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Gaming representatives examining whether casino here is a sure thing

Abuhassanali Young, left, representing Fitzgeralds Casinos, visits with real estate consultant Richard Shepherd, right, and an Oakville resident who attended the recent question-and-answer session conducted by the St. Louis County Economic Development Council. Young was searching for potential south county sites for a casino in response to the county's request for gaming proposals.


For the Call

Representatives of several casino companies recently met with St. Louis County Economic Council staffers and dozens of south county residents who support and oppose casinos operating here.

The July 11 discussion was part of the county's effort to gain public input and address developers' questions about the process of gaining St. Louis County's endorsement for any casino plan submitted to the Missouri Gaming Commission.

"The Missouri Gaming Commission has expressed an interest and a thought that there is an untapped market for an additional gaming operation in the southern part of the St. Louis metropolitan area,'' said Denny Coleman, president and chief executive officer of the St. Louis County Economic Council. "We obviously feel that there are some locations within south county which may provide ideal locations. As the local government for that area, we would be involved in the selection process."

Three applications for gaming licenses are on file with the Missouri Gaming Commission and two of them involve property in south St. Louis County.

The commission still has on file a proposal to build a casino at the former National Lead site in Lemay. That proposal is headed by Denny Long and a group of area investors known as Futuresouth.

"We'll need some interface with government," Long said. "Who should we contact?"

St. Louis County has adopted a strict policy banning contact of elected officials and department heads with gambling interests. Casino developers who violate the ban could be disqualified from consideration and that rule generated most of the questions from those interested in locating casinos here.

"Would the ban apply to architects and attorneys who have other clients with plans that need county approval?" asked Tom Campbell, an attorney representing the Isle of Capri, which has a casino plan on file with the commission for land at the southwest corner of the Jefferson Barracks Bridge.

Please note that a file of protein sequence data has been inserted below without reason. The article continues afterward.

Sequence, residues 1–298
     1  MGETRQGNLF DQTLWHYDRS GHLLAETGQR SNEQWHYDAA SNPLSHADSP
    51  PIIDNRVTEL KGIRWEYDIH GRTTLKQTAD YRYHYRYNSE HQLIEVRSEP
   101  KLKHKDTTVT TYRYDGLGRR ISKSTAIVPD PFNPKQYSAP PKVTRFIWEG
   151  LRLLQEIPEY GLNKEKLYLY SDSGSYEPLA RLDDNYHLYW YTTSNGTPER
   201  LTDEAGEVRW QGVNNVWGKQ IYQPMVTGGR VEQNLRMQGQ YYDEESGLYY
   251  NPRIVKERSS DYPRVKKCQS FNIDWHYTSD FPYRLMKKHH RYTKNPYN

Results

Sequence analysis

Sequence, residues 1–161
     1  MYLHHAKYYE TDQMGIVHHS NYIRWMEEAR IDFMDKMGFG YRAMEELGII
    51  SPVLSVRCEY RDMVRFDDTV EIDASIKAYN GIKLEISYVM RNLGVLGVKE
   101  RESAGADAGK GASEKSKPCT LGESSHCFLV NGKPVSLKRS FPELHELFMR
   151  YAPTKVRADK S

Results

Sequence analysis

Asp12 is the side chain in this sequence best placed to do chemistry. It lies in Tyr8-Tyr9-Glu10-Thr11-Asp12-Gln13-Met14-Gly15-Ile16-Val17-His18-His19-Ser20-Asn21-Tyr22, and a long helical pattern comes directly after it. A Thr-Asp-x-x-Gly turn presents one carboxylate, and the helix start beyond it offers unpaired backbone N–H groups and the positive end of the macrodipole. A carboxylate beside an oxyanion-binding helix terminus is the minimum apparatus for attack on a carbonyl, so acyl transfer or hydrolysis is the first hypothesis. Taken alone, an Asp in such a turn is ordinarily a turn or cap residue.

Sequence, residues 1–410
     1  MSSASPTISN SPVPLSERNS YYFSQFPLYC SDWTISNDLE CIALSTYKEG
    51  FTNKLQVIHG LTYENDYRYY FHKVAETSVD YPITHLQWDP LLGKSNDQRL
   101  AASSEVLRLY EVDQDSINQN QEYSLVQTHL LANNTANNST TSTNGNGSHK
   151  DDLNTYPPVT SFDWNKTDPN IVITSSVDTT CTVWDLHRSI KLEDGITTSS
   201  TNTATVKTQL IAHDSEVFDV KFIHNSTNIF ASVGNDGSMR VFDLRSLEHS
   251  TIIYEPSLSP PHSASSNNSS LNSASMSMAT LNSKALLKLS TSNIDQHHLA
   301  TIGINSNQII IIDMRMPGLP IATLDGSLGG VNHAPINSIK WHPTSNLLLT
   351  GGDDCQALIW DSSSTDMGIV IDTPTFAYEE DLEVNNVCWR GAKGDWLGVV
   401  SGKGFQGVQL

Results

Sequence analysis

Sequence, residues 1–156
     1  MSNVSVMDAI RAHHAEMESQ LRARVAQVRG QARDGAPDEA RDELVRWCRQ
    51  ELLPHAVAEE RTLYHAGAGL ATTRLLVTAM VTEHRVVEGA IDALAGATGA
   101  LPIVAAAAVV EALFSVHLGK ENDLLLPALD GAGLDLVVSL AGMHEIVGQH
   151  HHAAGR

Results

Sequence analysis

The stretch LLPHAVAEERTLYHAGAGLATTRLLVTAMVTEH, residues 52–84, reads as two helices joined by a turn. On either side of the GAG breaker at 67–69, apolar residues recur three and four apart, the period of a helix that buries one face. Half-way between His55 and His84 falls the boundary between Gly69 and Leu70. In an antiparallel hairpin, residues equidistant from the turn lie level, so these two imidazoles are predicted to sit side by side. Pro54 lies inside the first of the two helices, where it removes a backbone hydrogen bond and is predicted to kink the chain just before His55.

Coleman laid out a contact procedure and told Campbell that the ban on contact applies only to casino businesses.

The St. Louis County Port Authority in April rescinded an exclusive lease agreement with Futuresouth to operate a gaming boat in Lemay. The lease agreement was rescinded shortly after Long informed the Port Authority that an agreement between Futuresouth and Ameristar Casinos had been "terminated.''

"The county is literally starting over," Coleman told those in attendance. "The county actually owns or controls a number of sites. One of those sites of which we are gaining access to is part of a negotiated lease for barging and fleeting operations as part of the NL Industries site.

"That particular property owner has property south of Cliff Cave Park that we are acquiring an interest in," Coleman said.

Representatives of Las Vegas, Nev.-based International Gaming and Fitzgeralds Casinos expressed interest in the south county market, but said they have no sites yet.

"We also own through the St. Louis County Port Authority the NL site, an 80-acre site," Coleman said. "During the last Missouri Gaming Commission round of selection, it was not selected.''

Lemay Fire Protection District Board of Directors Chairman James Stonebraker and Mehlville Fire Protection District Chief Ray Haddock attended the meeting and had questions about tax disbursements and emergency service provisions.

Opponents of the last casino plan also were on hand.

"A presidential commission has asked for a moratorium on gaming," Sister Ruth Speh said. "National studies indicate that gaming is a bad thing for the economy. Why are we considering gaming?''

Coleman was quick to answer.

"Rivera Gaming will lease a casino site from Jefferson County in Barnhart," he said. "Once the Missouri Gaming Commission has made a determination that there is room for another facility, we, from a county perspective, have one of two choices: We can let that go to another community, or we can try and be competitive and indicate that we have a preferred site.''

Gaming proposals must be submitted by 3 p.m. Friday, Sept. 12.

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